Tuesday, December 6, 2011

Pondadalli Manju - Fog In Ponda

This year winter just peeped in for a few days during mid November and disappeared giving way to a very humid and cloudy weather which lasted nearly two weeks. Since the last three days there were some signs of winter returning to Goa and I eagerly awaited its return. I feel happy and relieved when the seasons arrive on time. The way we are abusing the nature, I am always worried that the natural elements may one day decide to teach us a lesson and totally desert us.

There was some fog yesterday and I saw dew drops on the leaves in the morning. The weather was not very cool but not hot either. There was some hope. Today when I opened the door early in the morning, there was dense fog and the outside felt so good that I just could not stay indoors to carry on with my exercises. As soon as it was light enough, I stepped out with the camera in hand. I was not sure that this weather would be there the next day and wanted to make the best of it when it lasted.

As I turned round the corner, I saw my neighbour’s house, which I see dozens of times every day (wishing he had painted it something more pleasant than bright yellow) looking cooler and better, its brightness subdued by the fog in spite of being in the direct focus of the bright street light.

I headed for the hill side on the out skirts expecting the usually pleasant surroundings to be even better and I was not disappointed. I walked along enjoying the tingling feel of the fog on my face and taking in the new look of the old sights stopping now and then to appreciate nature’s magic. Bushes and trees which I see day in and day out appeared to have changed themselves for the better and clouds seemed to have come down to rest on the tree tops.

If this was the feeling, I wondered, the presence of a little fog on the drab country side of Ponda brought about in a person like me, what could have been the effect of the sight of real dense fog over the bountiful nature around Madikeri on a poet like Sri Rajaratnam? No wonder Sri Rajaratnam’s poetic heart came out with ‘Madikerili Manju’ on beholding the sight of clouds hugging the earth in Madikeri. Please, have no fear. I have no intentions of trying to imitate the great man and composing ‘Pondadalli manju’ for my next post.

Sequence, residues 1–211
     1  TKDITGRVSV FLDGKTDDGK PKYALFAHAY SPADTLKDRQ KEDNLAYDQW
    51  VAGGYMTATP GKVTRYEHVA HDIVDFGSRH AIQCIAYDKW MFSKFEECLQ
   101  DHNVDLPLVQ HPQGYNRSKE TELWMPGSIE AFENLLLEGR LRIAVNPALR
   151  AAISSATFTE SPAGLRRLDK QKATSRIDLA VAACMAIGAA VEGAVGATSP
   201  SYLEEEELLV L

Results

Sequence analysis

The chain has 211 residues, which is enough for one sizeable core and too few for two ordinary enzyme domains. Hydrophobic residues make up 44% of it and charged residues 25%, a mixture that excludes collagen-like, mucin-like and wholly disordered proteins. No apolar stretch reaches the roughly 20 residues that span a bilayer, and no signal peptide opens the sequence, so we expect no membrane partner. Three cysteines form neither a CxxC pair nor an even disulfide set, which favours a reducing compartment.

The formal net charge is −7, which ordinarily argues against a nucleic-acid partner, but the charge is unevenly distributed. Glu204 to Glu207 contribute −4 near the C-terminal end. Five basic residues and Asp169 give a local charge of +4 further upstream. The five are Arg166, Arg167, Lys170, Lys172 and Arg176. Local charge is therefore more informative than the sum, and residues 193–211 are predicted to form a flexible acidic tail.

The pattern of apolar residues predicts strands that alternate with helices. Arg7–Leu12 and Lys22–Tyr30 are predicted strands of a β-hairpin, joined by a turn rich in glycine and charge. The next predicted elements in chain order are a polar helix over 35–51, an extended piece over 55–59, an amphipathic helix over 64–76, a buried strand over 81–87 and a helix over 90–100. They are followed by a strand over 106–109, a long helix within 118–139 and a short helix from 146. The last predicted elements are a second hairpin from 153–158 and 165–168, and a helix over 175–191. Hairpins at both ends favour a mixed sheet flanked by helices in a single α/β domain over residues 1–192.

Sri Rajaratnam is one of my favourites and his ‘Madikerili manju’, beautifully sung by Sri. Mysore Anantaswamy is always at the tip of my tongue. Remind me about it if and when you meet me next and I can sing it for you on the spot making you wish that Sri Rajaratnam had never visited Madikeri.

I continued my walk looking here and there and caught the sight of the usually invisible spider webs decorated with minute dew drops. Poor spider, it cannot come out and enjoy the sight. But I could and I even got some pictures. The spider remained immobile at the center of its web, hungry and waiting for its pray unmindful of the excitement it had created in me. A ‘Sthitapragnya’. I mean the spider. Not me.

I walked around the place, incidentally a hill side which is being cut and converted into housing plots and was turning back after my knees made their presence felt when I caught sight of this migratory egrets which visit Goa every year. I do not know where they come from or where they are going. I only know that they like to land here for some time during mornings and evenings to rest on the trees and search for some insects on the ground. I am glad that they visit us every year but feel sorry that they will have to rest on Syntex tanks on rooftops and search for insects in the garbage bins if they decide to land here in the coming years.My camera managed to get few pictures in which one can recognize the birds and as I moved a bit closer for a better frame, one of them took wing and the next second all of them were gone.

The fog was clearing and the sun was coming up making the weather hot and taking off the magic of the fog. I could see everything clearly in the harsh sunlight and I realized that I was in the same old dirty world that we have created and not in some piece of paradise as it momentarily appeared to be and I returned home feeling like the lame boy in Bommanahalliya kindarijogi who had a glimpse of the paradise inside the mountain but had to return because the cave doors closed before he entered.

Note: Madikerili manju , meaning fog in Madikeri, is one of the poems in the collection ‘Ratnana Padagalu’ by Sri G P Rajaratnam. Sri Rajaratnam is said to have composed the poem inspired by the sight of thick fog in Madikeri, Coorg, Karnataka. It has been put into music and sung beautifully by Sri Mysore Anantaswamy.

Bommanahalliya Kindarijogi is a classic poetic work by Sri K V Puttappa. He is said to have been inspired by Browming’s ‘Pied Piper of Hamlin’ and written this poem.


Ani said...

Some parts of your description were very Herriot-like :)

Ravi said...

Beautiful, Raghu. Loved the interplay of words, poetry and pictures. I had the pleasure of seeing 'madkerili manju' for myself when we visited Kutta (kodagu) some years ago. I still have some photos on my (now defunct) blog.... and I have wonderful memories of listening to Mysore Ananthaswamy singing madkerili manju - it was always his piece De resistance, and always kept it to the end of the concert.

M S Raghunandan said...

thanks Ravi and Ruddhappa.